I felt an indescribable peace descend upon my heart. I knew my child could be happy in that place. In time, he would undoubtedly welcome me to his kingdom, eager to show off his new friends and share his newfound wisdom and knowledge. When the door without the knob would open for me. In God�s time. I could wait now that I knew he was happy!
Long term goal:
Eating between 1000-1200 calories all in low fat (naturally) and low calories. I eat whole grains, fruit, veg's, and lean meats. I make all my favorite recipes, that I have always eaten, low in fat and low in calories. I enjoy recreating my favorite dishes and I enjoy looking for foods that allow me to eat more- for less calories.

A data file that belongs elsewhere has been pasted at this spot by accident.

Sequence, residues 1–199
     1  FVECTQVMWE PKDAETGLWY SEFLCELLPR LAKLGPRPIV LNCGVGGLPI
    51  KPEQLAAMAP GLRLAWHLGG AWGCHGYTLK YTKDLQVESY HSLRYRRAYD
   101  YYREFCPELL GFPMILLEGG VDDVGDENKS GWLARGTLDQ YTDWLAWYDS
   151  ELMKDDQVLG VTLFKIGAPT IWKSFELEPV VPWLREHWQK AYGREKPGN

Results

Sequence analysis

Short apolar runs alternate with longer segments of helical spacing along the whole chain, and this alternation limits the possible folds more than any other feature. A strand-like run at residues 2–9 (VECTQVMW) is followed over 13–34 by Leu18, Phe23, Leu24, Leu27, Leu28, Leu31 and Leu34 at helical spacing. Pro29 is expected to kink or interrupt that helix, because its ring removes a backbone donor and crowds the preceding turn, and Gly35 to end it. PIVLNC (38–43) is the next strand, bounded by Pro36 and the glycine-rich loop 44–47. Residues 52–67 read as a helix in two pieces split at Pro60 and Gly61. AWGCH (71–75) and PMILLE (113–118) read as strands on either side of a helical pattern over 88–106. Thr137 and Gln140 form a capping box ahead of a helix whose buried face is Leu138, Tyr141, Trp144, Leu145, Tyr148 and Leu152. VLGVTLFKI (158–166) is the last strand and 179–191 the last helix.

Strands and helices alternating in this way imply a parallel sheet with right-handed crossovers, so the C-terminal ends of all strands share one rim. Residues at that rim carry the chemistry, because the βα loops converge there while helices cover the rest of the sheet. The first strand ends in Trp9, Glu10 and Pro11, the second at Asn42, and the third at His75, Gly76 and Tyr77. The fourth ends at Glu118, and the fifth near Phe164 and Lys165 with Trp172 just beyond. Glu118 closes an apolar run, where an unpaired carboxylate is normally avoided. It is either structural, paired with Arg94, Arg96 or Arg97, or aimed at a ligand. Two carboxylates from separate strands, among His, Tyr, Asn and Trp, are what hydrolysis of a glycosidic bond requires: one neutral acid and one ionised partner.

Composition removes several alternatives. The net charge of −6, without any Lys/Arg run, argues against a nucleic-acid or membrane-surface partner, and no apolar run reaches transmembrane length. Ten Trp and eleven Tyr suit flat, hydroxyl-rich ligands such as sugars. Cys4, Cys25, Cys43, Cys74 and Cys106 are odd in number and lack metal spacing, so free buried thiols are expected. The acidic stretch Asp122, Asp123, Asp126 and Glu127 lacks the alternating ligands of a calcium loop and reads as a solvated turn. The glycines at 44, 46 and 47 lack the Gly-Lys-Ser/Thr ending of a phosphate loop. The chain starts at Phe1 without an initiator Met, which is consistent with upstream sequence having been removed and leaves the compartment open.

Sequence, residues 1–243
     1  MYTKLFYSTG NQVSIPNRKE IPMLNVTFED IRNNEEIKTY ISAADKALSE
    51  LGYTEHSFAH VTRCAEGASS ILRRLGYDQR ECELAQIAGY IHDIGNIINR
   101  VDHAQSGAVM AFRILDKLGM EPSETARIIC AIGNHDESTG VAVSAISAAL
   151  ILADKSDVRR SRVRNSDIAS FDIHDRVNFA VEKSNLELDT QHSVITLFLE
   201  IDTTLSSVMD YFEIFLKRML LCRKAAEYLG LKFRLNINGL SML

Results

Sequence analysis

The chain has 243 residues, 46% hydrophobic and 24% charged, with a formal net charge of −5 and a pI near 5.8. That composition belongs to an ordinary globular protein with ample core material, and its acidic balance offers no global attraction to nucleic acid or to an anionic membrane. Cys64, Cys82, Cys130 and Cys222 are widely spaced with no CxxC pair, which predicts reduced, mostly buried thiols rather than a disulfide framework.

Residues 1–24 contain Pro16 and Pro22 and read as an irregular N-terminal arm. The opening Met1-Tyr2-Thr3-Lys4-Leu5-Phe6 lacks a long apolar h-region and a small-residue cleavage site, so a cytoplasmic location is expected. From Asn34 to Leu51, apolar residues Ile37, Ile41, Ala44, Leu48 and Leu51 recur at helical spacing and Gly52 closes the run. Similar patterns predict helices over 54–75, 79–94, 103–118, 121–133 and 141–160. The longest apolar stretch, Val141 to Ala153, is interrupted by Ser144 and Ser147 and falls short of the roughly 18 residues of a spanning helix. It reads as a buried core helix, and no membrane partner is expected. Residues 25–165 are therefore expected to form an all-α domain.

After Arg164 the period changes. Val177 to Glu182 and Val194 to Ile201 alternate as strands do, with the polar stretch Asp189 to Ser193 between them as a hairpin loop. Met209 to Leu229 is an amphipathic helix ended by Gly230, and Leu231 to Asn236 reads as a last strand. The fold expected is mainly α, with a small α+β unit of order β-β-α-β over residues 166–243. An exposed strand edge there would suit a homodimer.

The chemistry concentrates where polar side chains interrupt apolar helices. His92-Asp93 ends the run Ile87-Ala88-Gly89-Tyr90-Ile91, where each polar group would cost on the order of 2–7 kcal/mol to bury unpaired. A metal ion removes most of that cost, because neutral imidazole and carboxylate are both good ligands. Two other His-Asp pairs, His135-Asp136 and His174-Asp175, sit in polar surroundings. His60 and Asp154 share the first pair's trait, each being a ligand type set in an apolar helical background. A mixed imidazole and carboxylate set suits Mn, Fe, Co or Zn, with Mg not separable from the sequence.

I exercise 5-7 days a week for no less than 30 minutes.
Some of the types of exercise I do: I work out to the BL workout video and do some yoga and walking. I try to workout everyday for at least 30 minutes. I am adding in some step aerboic this year (2009) to change things up.
I love to read non-fiction and my favorite book is, "A Life After Death"- by S. Ralph Harlow.
| current weight: 174.0